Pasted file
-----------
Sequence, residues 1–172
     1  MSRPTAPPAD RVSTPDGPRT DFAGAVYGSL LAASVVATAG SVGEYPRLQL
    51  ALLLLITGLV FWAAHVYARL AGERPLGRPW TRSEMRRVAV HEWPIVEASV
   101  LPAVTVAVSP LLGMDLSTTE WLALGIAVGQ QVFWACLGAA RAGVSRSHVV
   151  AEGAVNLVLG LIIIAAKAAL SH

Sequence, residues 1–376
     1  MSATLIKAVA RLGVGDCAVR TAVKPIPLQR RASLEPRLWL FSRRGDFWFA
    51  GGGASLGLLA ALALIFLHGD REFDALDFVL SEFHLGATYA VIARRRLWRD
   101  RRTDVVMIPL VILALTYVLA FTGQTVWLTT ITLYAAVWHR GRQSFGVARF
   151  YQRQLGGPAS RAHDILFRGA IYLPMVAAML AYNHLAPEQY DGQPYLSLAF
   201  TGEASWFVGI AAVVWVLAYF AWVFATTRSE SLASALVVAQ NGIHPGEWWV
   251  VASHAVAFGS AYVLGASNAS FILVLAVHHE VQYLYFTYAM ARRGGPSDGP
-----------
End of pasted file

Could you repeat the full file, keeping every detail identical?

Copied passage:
Sequence, residues 1–172
     1  MSRPTAPPAD RVSTPDGPRT DFAGAVYGSL LAASVVATAG SVGEYPRLQL
    51  ALLLLITGLV FWAAHVYARL AGERPLGRPW TRSEMRRVAV HEWPIVEASV
   101  LPAVTVAVSP LLGMDLSTTE WLALGIAVGQ QVFWACLGAA RAGVSRSHVV
   151  AEGAVNLVLG LIIIAAKAAL SH

Sequence, residues 1–376
     1  MSATLIKAVA RLGVGDCAVR TAVKPIPLQR RASLEPRLWL FSRRGDFWFA
    51  GGGASLGLLA ALALIFLHGD REFDALDFVL SEFHLGATYA VIARRRLWRD
   101  RRTDVVMIPL VILALTYVLA FTGQTVWLTT ITLYAAVWHR GRQSFGVARF
   151  YQRQLGGPAS RAHDILFRGA IYLPMVAAML AYNHLAPEQY DGQPYLSLAF
   201  TGEASWFVGI AAVVWVLAYF AWVFATTRSE SLASALVVAQ NGIHPGEWWV
   251  VASHAVAFGS AYVLGASNAS FILVLAVHHE VQYLYFTYAM ARRGGPSDGP